July 15, 2021

VDC Kickstart Program Prepares Engineers for the Industry's Future

Clark’s Virtual Design and Construction (VDC) Kickstart program is part of a broader effort to leverage digital building information modeling (BIM) to provide project stakeholders certainty through analysis and automation. During a three-month training rotation, engineers participating in Kickstart learn the skills necessary to deploy BIM to advance project development efforts on their current and future projects. 

The program, which began in 2018, boasts more than 50 graduates, all of whom have returned to their projects with a keen understanding of both the technology and the process required for the successful implementation of BIM.

Two recent Kickstart graduates, Komal Patel, a project manager on the New Single Terminal at Kansas City International Airport (KCI), and Brian Chen, a project engineer in Southern California, share what they learned in the program and how they are leveraging that knowledge.

Why did you want to participate in the VDC Kickstart program?

Komal: BIM is a contract requirement throughout my project’s lifecycle, starting with conceptual design, through construction, and now into closeout. Additionally, I oversee MEP trades and knew that BIM would be helpful with coordination and clash detection. 

Brian: I want to be part of the construction industry’s future as it becomes more digital. The technologies I learned provide me with a better understanding of how to build a structure twice – first digitally and then again in real life.

Brian Chen, a project engineer in Southern California

Kickstart participants learn to build digital models that represent concepts such as scheduling, budgeting, and constructability. Which models did you find most interesting?

KP: I enjoyed quantity takeoff models. While I was in the program, my team used a software called Assemble to assign values to structural elements on my project. We tracked major budget items by developing a dashboard that showed the quantities of elements like pile, concrete columns and beams, elevated deck, glazing, and pre-cast.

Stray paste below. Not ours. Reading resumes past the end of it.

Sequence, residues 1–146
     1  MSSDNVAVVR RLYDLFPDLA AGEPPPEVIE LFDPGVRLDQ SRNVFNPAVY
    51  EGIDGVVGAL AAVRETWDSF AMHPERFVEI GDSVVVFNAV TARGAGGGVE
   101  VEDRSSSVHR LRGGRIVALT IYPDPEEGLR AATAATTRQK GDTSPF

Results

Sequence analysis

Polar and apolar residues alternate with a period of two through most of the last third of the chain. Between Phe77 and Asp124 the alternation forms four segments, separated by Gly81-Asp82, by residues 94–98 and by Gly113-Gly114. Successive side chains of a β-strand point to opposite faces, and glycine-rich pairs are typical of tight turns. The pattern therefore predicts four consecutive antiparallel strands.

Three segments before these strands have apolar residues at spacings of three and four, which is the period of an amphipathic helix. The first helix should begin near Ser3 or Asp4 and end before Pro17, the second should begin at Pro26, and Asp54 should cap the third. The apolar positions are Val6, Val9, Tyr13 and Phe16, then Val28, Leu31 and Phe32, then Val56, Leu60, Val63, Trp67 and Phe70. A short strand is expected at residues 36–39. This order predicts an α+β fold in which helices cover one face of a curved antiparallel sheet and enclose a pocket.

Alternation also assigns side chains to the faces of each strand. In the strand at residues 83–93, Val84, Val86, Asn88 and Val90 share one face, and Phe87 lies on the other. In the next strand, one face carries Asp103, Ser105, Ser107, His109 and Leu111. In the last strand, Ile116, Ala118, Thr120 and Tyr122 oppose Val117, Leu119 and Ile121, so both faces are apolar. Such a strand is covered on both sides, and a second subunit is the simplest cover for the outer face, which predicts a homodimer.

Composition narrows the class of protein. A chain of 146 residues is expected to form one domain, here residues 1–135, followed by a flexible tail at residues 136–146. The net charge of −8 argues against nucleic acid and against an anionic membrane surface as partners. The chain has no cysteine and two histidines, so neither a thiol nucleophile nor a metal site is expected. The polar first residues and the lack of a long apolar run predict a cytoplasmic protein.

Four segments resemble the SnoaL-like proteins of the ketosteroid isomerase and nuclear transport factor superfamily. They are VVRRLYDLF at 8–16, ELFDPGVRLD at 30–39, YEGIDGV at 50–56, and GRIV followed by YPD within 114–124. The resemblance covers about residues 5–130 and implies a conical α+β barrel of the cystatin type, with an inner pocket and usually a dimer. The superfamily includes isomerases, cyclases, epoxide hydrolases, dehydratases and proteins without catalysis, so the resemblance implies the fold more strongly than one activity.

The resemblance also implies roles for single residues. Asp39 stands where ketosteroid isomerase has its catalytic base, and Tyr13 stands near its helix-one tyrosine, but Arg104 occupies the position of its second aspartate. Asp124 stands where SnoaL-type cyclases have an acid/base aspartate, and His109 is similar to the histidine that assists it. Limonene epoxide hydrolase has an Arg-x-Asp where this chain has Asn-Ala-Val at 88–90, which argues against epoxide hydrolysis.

BC: I found schedule-loaded models most interesting. It is amazing how effectively this tool is in uncovering inefficiencies in the schedule and rearranging logistics before reaching that phase of construction.

How have you implemented what you learned in the program on your project?

BC: I helped my team use Revit to analyze the sections, elevations, plans, and details of a unique architectural stair, one of the building’s centerpieces. We identified more than ten opportunities to resolve constructability issues.

KP: We coordinated the clash detection process in-house on the KCI project. We addressed nearly 7,000 issues prior to fabricating any material. The in-house coordination process for a one-million-square-foot project with complex MEP, firefighting, and baggage handling systems was complicated, but because it was done right it saved time and effort in the long run. 

Komal Patel, a project manager on the New Single Terminal at Kansas City International Airport (KCI)

How does the VDC Kickstart program provide value to our clients? 

KP: At KCI, we created a video walkthrough of the roadway construction schedule to illustrate the scope of work to key stakeholders and potential bidders. The video saved a lot of time because it produced an active technical conversation without hours spent reviewing drawings. The project team also used the presentation to brief city council on our approach to the roadway work. 

BC: Having a trained BIM/VDC employee on a project helps teams identify constructability issues earlier, which saves time and money. More efficient methods of constructing critical path items can be built into the schedule and budget earlier in the process. BIM software also helps ensure quality by tackling potential design flaws and promote safety by coordinating site logistics.